attempts to do so. He wanted form and content to remain inseparable, and the reading or
experience of his work to speak for itself.

Although he attempted to be silent on the subject of his own work, agreeing with the French poet
Baudelaire (1821-1867), about “the devastating vanity and uselessness of explaining anything to
anyone,” Beckett wrote literary criticism. Initially, he did it for the money, and toyed with the
idea of making it a career. His essay on Joyce for Our Exagmination, his book on Proust, and his
reviews for the Bookman and the Criterion, were all commissioned.

After 1934, however, Beckett‟s criticism became more personal. He wrote in defense of friends
and fellow artists who were unjustly attacked or ignored. At one point, railing against the idea
that art has a primary duty to be clear and accessible, Beckett wrote: “The time is not perhaps
altogether too green for the vile suggestion that art has nothing to do with clarity, does not dabble
in the clear and does not make clear.”

In his essay on Joyce, Beckett wrote “no language is so sophisticated as English—it is abstracted
to death,” and claimed that the public‟s inability to understand information stems from being
“too decadent to receive it.” In another instance, he attacked the average reader by writing, “This
rapid skimming and absorption of the scant cream of sense is made possible by what I may call a
continuous process of copious intellectual salivation.”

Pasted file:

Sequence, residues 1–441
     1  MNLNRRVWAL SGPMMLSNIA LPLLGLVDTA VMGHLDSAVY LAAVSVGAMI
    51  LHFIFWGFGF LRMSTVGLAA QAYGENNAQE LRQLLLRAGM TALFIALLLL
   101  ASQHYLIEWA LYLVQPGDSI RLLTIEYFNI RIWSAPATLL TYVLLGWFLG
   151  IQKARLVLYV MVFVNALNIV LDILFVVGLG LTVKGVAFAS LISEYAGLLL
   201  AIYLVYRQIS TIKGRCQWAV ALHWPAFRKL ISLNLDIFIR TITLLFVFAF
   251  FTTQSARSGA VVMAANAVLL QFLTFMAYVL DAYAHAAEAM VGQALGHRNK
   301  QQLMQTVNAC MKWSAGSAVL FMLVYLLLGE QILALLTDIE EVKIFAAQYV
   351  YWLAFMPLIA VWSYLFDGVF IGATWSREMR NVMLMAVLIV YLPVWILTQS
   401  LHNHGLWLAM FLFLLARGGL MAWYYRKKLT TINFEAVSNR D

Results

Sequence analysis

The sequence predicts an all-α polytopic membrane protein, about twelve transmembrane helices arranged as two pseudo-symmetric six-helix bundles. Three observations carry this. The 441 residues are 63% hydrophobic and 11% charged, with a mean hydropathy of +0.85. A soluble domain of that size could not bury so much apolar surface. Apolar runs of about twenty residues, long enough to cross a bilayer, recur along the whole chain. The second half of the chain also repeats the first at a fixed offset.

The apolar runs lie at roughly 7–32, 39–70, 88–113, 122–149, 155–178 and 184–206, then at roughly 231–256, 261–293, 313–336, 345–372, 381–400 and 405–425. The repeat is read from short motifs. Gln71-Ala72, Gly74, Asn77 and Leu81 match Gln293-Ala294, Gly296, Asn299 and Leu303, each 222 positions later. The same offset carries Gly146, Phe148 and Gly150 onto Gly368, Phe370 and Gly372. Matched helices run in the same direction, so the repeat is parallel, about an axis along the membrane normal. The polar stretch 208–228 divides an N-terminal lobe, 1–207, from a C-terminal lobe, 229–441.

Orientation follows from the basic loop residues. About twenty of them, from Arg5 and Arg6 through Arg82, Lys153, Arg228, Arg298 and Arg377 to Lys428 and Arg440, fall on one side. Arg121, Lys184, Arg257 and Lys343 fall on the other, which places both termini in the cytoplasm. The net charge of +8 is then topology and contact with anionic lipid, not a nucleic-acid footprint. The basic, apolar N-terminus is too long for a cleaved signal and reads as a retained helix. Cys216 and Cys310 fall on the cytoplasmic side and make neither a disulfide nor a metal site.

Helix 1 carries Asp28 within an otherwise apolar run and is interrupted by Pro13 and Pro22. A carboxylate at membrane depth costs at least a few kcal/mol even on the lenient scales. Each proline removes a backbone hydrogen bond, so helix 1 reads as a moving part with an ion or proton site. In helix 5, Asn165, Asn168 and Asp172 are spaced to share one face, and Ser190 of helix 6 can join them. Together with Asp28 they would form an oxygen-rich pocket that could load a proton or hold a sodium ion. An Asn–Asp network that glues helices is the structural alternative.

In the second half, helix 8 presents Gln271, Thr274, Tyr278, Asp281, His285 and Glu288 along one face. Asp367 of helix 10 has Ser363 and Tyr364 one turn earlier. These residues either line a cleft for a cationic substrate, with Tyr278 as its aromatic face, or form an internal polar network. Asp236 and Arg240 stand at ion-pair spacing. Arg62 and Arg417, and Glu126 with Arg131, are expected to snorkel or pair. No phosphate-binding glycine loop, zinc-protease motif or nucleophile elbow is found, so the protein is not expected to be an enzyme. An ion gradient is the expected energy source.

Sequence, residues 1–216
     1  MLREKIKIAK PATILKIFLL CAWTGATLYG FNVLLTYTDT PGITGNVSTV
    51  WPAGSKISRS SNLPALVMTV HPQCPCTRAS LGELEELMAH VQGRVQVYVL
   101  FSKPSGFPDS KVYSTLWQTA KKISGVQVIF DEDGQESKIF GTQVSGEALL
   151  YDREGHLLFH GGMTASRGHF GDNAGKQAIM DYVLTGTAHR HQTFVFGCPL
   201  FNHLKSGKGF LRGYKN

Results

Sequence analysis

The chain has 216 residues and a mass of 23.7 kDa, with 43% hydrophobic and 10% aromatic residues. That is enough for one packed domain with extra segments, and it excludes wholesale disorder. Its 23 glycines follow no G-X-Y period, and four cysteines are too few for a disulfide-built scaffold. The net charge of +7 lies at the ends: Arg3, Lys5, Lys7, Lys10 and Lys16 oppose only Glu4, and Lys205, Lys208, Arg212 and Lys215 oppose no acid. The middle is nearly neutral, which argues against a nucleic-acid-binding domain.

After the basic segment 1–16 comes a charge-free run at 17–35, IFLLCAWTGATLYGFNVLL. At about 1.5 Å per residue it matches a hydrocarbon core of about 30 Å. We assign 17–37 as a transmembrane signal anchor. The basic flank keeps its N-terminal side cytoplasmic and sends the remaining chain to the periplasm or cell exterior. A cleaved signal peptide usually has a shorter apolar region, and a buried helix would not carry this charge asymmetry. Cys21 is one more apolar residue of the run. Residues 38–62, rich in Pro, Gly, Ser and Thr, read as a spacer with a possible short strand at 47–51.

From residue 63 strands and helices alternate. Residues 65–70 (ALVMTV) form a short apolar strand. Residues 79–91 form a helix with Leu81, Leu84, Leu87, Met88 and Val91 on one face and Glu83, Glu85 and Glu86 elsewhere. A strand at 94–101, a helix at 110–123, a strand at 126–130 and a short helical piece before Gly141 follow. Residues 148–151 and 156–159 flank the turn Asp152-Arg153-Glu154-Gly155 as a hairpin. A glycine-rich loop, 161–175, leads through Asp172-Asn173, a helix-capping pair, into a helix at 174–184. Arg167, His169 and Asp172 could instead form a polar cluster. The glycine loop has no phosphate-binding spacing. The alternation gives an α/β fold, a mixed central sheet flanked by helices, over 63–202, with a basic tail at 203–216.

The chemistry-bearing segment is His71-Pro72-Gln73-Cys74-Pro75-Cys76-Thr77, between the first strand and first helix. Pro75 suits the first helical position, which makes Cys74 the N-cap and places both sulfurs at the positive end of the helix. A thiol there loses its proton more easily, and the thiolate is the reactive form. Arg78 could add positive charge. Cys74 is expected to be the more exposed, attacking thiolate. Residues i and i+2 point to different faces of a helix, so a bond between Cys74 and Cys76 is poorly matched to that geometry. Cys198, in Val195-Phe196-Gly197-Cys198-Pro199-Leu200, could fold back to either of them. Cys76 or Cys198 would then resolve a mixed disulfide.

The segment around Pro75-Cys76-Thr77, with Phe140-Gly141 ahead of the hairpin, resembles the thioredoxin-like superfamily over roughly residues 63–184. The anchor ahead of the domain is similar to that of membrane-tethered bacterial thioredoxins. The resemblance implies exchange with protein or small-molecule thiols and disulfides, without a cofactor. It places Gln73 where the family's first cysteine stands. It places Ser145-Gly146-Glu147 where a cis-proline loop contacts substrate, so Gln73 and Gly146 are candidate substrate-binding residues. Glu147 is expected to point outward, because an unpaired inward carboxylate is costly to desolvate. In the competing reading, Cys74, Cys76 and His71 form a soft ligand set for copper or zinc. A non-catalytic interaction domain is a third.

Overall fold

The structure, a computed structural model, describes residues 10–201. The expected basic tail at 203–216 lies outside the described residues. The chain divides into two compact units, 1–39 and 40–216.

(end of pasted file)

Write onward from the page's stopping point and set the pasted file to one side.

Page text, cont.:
The essay on Proust was Beckett‟s critical masterpiece. In it he establishes his own basic
philosophy about the inability to understand experience because of the dearth of methods for
expression. He blames this on Time (“that double-headed monster of damnation and salvation”),
Memory (“yesterday has deformed us or been deformed by us”), and Habit (“the ballast that
chains a dog to his vomit”).

Throughout his life, Samuel Beckett also wrote poetry. In 1930, he received first prize in a
contest conducted by the Hours Press for his 98 line poem Whoroscope. This poem was based on
the life of René Descartes (1596-1650), a French philosopher and mathematician. Although it
was praised for its swift and witty language, the poem was difficult to interpret. Beckett was
asked to provide explanatory footnotes for it, which he did. Clearly, at that point in his life, he
was compliant.

He continued to write poetry through the 1930s and 1940s in both English and French. Then, in
1974, after a break of twenty-five years, he began to publish poetry again.

Before, during, and after Waiting for Godot, Beckett wrote novels. His first published novel
Murphy (1938), was one of grotesque but comic action, and included characters such as Miss
Rosie Dew, Miss Carridge, Augustus Tinklepenny, Bim and Bom, Dr. Killiecrankie, and
Murphy, who takes a job at the Magdalen Mental Mercyseat. At the end of the novel, Murphy
dies accidentally. Although his last request is to be cremated and have his ashes flushed down
the toilet of the Abbey Theater, they remain scattered on the floor of a saloon.

From 1942 to 1944, while living in Roussillon, Beckett wrote Watt, which included veiled
autobiographical accounts of his life. The main character is a patient in an asylum, who dictates
his story to a fellow patient in a confusing language with a distorted chronology. A note in the
addendum of Watt gives a sense of Beckett‟s paradoxical humour. “The following precious and
illuminating material should be carefully studied. Only fatigue and disgust prevented its
incorporation.”

Watt was not designed for a postwar public‟s reading pleasure. It did not get published until
1953, and it was immediately banned in Ireland. This did not prevent Beckett, the novelist, from
continuing on. His next novel was Molloy (1947), the first of a trilogy that was to include
Malone meurt and L’Innommable.